Obama Attacks McCain in "You Can Put Lipstick on a Pig, but it's Still a Pig" Row
Senator Barack Obama claims today that the McCanin camp have got it all wrong if they thought he was referring to Republican running partner and Alaska Governor Sarah Palin when he quipped, "You can put lipstick on a pig, but it's still a pig" in a "sexist" accusations backlash.
Fears are growing amongst the Democrats that ex-Hillary Clinton supporters and would-be voters may now transfer their vote to the Palin camp.
Barack Obama today accused the McCain campaign of underhanded tactics in portraying his "lipstick on a pig" remarks about the Republican ticket as a misogynistic attack on vice-presidential nominee Sarah Palin.
The Democratic nominee came out fighting after his Republican rivals expressed outrage at his remarks.
“I don’t care what they say about me. But I love this country too much to let them take over another election with lies and phony outrage and Swift-boat politics,” he said, on a visit to a school in Norfolk, Virginia. "Enough is enough.”Related Links
His remarks referred to the Swift Boat Veterans for Truth, a group that in 2004 severely damaged the campaign of Democratic nominee John Kerry with unsubstantiated allegations about his decorated military record in Vietnam. The phrase has since become synonymous with political smear tactics.
Mr Obama has adopted a more aggressive stance in recent days as white female voters defect to the Republicans following the selection of Mrs Palin, the first female governor of Alaska. Yesterday, he appeared to be attempting to counter his rivals’ claim to the mantle of change when he said of Republican policy: “You can put lipstick on a pig, but it’s still a pig.”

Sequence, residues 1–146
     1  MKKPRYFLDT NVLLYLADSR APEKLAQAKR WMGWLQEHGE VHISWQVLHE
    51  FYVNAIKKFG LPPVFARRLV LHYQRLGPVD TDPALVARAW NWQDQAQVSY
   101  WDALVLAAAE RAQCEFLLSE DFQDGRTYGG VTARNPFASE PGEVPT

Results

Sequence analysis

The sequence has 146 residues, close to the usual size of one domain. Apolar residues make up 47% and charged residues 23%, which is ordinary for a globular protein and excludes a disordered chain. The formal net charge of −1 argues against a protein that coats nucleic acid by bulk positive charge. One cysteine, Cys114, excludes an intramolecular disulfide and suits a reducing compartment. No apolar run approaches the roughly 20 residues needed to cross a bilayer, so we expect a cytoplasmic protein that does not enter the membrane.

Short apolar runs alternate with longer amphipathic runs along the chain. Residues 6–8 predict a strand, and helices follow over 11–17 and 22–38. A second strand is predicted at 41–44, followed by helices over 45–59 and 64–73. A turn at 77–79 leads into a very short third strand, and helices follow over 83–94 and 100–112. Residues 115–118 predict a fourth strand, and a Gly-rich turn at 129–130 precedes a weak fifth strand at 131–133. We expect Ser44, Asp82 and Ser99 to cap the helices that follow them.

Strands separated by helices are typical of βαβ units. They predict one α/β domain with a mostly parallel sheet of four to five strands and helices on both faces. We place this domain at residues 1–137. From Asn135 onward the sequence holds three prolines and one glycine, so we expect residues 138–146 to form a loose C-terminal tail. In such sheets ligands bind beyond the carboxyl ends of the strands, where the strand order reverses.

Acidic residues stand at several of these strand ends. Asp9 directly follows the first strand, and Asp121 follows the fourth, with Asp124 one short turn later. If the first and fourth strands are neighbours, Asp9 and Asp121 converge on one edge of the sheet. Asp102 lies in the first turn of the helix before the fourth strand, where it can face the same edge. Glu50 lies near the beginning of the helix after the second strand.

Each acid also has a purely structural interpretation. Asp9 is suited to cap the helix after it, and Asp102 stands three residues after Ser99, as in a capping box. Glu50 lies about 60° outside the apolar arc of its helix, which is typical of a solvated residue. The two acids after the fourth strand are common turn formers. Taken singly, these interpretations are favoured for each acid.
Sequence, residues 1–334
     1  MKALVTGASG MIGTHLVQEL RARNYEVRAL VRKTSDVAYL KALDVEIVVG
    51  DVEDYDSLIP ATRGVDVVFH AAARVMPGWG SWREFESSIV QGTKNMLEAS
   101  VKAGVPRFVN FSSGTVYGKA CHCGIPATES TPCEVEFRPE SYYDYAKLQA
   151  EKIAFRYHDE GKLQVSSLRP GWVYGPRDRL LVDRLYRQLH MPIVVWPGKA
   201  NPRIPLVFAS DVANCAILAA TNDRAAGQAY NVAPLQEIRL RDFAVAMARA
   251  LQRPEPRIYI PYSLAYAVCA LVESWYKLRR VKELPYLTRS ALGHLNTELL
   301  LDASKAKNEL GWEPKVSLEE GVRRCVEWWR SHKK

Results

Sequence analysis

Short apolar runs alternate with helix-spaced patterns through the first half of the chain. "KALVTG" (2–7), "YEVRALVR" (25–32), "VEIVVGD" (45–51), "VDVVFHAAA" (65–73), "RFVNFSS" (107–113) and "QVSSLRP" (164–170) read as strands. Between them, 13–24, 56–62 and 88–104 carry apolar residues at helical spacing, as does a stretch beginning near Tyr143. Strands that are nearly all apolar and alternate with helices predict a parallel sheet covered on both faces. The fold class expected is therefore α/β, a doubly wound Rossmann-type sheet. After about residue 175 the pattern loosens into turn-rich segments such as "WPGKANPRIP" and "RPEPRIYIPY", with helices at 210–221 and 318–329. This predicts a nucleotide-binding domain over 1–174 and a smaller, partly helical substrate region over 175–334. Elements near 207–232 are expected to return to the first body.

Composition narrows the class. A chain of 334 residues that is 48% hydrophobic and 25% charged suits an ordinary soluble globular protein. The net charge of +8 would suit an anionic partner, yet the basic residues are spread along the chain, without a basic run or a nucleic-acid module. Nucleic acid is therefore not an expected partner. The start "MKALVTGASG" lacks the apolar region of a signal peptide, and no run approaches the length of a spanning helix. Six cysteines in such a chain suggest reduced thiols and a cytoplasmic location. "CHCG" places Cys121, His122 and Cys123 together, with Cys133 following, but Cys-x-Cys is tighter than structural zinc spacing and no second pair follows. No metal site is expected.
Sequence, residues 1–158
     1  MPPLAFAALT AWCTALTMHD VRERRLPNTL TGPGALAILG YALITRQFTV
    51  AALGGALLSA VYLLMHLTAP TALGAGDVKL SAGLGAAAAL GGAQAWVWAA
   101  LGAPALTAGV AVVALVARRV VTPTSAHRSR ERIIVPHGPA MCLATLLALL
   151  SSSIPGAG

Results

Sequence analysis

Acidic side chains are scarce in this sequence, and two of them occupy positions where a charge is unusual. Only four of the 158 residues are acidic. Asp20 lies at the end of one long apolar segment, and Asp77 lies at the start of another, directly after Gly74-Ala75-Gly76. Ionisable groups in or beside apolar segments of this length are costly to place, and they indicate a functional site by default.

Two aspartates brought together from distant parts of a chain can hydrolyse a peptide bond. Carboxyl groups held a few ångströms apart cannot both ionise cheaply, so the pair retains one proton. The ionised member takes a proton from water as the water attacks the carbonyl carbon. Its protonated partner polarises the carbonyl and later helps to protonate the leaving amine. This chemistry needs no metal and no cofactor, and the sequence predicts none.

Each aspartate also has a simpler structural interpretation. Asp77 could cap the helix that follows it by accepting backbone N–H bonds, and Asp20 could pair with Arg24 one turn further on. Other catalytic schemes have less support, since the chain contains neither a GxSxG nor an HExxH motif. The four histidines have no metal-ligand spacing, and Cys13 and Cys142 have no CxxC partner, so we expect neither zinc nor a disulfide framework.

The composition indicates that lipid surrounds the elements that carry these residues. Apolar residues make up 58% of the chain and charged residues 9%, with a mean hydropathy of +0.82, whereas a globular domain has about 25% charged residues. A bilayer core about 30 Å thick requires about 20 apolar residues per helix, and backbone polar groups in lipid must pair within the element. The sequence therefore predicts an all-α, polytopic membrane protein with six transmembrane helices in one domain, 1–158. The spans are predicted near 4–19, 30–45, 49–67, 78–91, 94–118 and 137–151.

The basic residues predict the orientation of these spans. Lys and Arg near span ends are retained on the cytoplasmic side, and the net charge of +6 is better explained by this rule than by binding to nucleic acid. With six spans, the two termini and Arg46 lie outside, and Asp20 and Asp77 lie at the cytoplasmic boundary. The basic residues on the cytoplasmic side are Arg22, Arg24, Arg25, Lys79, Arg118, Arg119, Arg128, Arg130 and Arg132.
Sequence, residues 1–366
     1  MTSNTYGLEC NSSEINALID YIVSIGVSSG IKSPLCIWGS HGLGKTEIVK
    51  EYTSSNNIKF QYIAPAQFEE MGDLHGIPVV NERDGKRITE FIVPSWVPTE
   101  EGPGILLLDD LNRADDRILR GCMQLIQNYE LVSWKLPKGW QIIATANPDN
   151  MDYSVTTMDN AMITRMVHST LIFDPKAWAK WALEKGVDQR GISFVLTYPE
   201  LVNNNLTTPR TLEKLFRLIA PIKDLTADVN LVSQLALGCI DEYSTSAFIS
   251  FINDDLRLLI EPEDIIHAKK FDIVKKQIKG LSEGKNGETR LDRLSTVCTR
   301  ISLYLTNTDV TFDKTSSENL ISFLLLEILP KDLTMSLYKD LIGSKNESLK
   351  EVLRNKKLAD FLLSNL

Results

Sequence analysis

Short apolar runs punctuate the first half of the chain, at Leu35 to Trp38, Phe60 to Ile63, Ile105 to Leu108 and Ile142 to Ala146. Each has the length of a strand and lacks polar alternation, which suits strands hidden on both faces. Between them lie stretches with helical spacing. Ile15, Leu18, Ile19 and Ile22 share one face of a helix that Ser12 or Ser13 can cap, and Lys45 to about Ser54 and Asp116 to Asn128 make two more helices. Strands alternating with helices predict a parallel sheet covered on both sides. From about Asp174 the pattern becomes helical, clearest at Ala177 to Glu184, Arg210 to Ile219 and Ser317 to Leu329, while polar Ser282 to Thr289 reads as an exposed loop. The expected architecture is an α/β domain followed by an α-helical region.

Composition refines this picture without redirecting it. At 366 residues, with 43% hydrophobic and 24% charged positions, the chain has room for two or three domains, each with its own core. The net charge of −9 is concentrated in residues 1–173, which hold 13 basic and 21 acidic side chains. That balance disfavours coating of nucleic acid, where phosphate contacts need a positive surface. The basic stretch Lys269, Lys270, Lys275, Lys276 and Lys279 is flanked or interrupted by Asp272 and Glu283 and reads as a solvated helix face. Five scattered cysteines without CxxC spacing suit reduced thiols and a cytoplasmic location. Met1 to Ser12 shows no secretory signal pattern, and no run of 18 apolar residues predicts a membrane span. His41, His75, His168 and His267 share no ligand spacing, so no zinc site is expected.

The McCain campaign claimed the analogy was a sexist attack on Mrs Palin, who at last week’s Republican convention likened herself, as a “hockey mom”, to a pitbull in lipstick. It quickly released a web ad, “Lipstick”, directly linking Mr Obama’s remarks to the mother-of-five, and demanded that the nominee apologise for his “offensive and disgraceful” comments.
But, on the stump today, Mr Obama said the row was a diversionary tactic by the McCain campaign to avoid discussion of weightier issues.
“What their campaign has done this morning is the same game that has made people sick and tired of politics in this country. They seize on an innocent remark, try to take it out of context, throw up an outrageous ad because they know that it’s cat nip for the news media,” he said.